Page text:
Sandwiches. This post could be that single word. But I’ll elaborate.
I go on road trips regularly, and I don’t have a lot of money. So I’ve had a lot of time to perfect this.
When I’m on a road trip I don’t want to spend lots of time eating — there’s much to see and places to go. Energy bars are quick, but they’re dry and not exactly a meal. Jerky tastes good every once in a while. Yogurt, fruit and fruit cups are great, but they’re not meals either. Lipton packs or other quick pasta packs are a hearty meal and taste good, but they require finding an appropriate place to set up a stove and a fair bit of time. Backpacker’s pantry and other add-water type meals are alright, but they’re outrageously expensive, and they still require that you get out a stove to boil water. At least you don’t need to wash dishes afterwards. And fast food, while convenient and occasionally yummy, is unhealthy, expensive, and requires you to be in a decent sized town when you’re hungry.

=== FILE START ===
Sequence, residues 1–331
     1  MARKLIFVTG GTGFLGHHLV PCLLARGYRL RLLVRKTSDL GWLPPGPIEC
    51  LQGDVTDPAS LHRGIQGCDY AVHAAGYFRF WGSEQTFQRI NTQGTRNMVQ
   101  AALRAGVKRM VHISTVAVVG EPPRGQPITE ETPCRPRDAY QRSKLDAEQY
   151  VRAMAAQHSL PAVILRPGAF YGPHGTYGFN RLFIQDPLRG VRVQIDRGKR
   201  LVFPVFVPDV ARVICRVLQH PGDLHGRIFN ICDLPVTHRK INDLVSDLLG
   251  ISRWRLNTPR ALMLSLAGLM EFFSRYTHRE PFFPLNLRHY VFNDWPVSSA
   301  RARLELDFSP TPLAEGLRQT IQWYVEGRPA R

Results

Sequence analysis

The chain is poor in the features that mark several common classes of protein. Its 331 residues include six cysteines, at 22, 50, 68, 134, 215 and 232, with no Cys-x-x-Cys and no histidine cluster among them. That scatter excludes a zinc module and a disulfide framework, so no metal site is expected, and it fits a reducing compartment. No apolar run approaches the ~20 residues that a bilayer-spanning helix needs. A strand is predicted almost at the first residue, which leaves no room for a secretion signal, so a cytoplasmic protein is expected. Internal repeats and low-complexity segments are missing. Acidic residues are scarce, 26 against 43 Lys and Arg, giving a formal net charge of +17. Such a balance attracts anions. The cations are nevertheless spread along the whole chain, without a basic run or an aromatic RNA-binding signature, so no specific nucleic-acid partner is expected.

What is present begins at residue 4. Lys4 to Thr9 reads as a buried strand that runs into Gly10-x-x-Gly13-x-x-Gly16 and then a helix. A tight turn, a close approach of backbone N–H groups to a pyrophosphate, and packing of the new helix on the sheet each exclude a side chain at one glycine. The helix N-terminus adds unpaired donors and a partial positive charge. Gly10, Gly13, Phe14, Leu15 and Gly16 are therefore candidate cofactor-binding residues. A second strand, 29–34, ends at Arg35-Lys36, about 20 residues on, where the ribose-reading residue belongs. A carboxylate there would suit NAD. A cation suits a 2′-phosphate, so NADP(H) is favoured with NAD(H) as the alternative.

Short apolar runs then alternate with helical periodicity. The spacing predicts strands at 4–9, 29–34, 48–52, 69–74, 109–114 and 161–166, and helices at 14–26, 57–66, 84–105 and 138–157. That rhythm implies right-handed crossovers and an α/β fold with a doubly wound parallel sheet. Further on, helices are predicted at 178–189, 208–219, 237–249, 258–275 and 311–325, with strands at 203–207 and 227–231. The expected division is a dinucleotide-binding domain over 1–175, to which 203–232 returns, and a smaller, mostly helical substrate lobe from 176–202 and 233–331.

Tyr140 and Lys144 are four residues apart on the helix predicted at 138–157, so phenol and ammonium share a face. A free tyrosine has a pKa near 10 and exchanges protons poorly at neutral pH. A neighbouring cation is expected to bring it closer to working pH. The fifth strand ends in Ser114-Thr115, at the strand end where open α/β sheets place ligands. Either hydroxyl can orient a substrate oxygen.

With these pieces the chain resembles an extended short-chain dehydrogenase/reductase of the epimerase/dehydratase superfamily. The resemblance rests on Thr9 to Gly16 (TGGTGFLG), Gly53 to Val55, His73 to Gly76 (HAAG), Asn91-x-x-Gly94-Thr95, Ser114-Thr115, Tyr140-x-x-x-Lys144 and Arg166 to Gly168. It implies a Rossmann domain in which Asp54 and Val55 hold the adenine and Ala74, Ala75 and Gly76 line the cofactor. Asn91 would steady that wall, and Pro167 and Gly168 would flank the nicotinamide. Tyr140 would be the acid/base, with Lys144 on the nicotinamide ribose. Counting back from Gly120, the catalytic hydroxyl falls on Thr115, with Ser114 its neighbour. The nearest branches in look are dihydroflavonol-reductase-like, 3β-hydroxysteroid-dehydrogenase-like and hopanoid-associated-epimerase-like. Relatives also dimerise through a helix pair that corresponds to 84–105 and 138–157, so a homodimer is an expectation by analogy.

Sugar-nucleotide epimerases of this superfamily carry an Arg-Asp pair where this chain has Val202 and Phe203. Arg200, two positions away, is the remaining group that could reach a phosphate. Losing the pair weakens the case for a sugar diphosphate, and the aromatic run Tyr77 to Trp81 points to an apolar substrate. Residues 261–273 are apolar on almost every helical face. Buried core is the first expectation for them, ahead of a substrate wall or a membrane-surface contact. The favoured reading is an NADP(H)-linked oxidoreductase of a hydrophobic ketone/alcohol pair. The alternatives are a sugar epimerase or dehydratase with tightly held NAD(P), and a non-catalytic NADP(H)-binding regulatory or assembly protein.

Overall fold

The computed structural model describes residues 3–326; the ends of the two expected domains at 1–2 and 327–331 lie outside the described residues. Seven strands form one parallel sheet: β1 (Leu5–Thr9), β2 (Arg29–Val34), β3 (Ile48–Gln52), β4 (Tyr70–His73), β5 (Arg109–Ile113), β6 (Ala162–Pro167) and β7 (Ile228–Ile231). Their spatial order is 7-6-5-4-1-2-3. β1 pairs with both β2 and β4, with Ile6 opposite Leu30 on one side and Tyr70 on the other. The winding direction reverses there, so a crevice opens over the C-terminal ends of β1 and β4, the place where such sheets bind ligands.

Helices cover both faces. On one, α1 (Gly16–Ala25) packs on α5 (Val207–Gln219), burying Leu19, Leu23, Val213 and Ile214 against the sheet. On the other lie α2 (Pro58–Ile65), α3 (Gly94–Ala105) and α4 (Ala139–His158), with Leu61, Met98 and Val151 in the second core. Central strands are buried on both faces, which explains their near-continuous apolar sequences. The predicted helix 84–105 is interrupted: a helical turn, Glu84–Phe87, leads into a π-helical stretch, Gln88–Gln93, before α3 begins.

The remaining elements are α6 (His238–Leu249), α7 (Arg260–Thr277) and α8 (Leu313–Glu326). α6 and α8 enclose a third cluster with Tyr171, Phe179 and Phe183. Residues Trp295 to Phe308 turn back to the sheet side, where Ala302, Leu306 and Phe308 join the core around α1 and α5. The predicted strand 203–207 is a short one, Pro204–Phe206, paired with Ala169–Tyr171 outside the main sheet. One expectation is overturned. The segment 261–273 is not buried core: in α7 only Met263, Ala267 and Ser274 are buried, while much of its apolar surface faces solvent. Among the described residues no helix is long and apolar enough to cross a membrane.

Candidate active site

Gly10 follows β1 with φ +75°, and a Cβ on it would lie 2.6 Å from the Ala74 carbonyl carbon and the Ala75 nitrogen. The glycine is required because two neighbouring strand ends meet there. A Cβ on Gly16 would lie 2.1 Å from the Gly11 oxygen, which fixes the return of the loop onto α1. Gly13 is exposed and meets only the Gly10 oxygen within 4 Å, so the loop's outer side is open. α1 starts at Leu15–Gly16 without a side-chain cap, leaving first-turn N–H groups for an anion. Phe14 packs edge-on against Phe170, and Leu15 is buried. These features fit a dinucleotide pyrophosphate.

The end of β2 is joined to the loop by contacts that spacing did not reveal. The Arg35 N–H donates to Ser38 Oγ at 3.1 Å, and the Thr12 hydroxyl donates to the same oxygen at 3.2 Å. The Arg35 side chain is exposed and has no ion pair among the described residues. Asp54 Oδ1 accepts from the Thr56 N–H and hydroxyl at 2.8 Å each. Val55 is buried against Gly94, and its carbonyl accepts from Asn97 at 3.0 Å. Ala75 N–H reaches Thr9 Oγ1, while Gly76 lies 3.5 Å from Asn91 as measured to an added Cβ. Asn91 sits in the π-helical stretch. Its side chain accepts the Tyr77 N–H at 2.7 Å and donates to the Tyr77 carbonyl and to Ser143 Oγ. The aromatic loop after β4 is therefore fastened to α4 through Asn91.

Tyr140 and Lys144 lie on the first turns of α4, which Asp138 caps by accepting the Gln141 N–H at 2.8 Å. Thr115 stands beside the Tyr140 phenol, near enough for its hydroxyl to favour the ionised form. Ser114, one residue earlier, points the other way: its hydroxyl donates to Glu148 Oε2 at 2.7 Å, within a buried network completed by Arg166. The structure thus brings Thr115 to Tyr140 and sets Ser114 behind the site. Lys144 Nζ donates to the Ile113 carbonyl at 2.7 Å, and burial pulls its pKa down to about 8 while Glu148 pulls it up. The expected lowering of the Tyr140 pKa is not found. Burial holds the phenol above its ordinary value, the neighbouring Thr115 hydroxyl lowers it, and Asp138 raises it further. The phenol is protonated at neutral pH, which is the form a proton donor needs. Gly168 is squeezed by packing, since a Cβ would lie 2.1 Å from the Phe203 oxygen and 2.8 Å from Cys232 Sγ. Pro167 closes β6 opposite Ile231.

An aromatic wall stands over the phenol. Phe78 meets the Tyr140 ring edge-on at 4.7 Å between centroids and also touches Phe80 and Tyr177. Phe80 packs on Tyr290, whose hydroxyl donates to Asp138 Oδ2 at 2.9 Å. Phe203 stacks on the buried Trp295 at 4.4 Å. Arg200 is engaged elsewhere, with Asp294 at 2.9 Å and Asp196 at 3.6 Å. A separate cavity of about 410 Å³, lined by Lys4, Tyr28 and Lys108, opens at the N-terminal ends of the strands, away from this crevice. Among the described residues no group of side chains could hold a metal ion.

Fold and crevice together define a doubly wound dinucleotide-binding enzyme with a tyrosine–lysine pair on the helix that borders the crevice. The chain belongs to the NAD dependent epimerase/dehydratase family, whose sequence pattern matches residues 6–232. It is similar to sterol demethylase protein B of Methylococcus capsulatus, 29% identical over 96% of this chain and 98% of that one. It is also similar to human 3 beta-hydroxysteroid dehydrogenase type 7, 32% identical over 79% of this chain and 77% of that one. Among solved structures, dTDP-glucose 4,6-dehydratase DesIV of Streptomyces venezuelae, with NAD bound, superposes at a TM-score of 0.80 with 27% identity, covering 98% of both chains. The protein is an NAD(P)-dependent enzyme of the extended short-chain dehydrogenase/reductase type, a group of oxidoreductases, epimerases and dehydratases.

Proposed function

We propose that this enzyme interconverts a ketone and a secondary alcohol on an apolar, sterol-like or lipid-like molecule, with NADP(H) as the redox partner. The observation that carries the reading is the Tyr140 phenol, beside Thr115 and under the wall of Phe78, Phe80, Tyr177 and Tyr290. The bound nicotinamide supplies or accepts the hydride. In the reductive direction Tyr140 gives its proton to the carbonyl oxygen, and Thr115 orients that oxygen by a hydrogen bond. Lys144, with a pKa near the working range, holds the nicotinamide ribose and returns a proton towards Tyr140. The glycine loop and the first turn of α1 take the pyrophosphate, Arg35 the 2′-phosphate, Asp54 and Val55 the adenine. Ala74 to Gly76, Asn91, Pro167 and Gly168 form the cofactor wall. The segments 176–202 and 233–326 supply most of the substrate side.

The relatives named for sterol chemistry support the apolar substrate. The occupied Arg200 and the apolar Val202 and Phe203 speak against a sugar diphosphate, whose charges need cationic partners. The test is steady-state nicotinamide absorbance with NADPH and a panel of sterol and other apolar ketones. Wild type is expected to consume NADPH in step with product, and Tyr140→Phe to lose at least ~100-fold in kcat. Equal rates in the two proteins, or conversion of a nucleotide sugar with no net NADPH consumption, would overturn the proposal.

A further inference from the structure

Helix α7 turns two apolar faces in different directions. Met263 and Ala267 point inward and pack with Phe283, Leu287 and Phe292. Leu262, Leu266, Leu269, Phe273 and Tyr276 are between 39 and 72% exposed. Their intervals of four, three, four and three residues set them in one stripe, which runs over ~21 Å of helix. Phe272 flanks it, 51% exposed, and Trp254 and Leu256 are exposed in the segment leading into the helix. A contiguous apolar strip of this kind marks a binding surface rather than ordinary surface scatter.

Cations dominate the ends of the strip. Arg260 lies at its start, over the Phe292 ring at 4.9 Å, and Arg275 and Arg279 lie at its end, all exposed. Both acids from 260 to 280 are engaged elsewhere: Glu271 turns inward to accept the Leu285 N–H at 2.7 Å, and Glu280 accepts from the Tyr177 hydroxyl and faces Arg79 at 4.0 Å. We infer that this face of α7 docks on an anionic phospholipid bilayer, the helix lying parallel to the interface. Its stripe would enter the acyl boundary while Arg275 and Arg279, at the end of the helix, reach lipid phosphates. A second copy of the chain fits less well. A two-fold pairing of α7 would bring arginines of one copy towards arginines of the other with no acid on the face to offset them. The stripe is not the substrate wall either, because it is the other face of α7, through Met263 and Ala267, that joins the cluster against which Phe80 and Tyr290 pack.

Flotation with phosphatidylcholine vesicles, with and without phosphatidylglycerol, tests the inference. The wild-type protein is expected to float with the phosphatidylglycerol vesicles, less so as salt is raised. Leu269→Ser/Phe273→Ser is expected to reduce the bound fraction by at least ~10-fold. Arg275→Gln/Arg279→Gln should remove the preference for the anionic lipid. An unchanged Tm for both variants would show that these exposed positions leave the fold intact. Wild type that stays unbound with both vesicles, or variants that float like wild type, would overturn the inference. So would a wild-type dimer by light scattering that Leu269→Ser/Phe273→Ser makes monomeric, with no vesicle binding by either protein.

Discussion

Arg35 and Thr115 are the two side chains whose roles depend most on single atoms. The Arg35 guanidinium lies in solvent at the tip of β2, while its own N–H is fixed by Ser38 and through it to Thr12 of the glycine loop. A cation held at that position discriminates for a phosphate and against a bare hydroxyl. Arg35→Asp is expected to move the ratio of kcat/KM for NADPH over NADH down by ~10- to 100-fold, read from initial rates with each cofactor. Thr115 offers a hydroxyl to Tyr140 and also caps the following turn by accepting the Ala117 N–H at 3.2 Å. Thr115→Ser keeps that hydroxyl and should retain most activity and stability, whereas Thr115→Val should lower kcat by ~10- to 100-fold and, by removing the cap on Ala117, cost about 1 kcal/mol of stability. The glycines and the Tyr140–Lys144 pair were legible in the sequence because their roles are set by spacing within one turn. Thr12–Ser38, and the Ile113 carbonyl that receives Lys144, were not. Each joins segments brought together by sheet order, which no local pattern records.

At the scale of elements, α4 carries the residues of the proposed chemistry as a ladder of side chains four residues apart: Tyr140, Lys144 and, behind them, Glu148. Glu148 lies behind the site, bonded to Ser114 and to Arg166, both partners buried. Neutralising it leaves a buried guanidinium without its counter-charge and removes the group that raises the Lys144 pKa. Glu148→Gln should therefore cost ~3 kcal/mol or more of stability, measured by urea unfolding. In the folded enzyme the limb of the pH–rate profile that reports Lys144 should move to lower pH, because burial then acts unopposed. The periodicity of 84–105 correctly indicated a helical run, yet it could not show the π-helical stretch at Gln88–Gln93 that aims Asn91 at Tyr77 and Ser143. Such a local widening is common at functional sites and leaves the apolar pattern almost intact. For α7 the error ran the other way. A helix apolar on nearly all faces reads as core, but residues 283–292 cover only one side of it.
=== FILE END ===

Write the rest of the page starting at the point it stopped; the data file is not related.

Sandwiches, however, are perfect. Every small town has a grocery store where you can pick up bread, cheese, mayo or miracle whip, and veggies (I like tomatoes and cucumbers). Generally, you can pick up enough for quite a few meals for not much money.
You can make sandwiches with very little preparation. A knife (and maybe a plate) is all that’s required. They only take a couple minutes to assemble, and they’re much healthier than fast-food. Clean-up afterward only requires wiping off the knife.
One little caveat. Sandwiches are great for road trips where you have a cooler — in summer it keeps everything cool, and in winter it keeps things from freezing. For backpacking, I’d worry about the mayo or miracle whip going bad. If anyone has suggestions for how to avoid this, that would be amazing. I’d leave out the spread, but then the sandwiches would be quite dry, and I can’t stand that. But when I’m backpacking I usually don’t mind taking longer to make a meal, and the Lipton packs are great for that.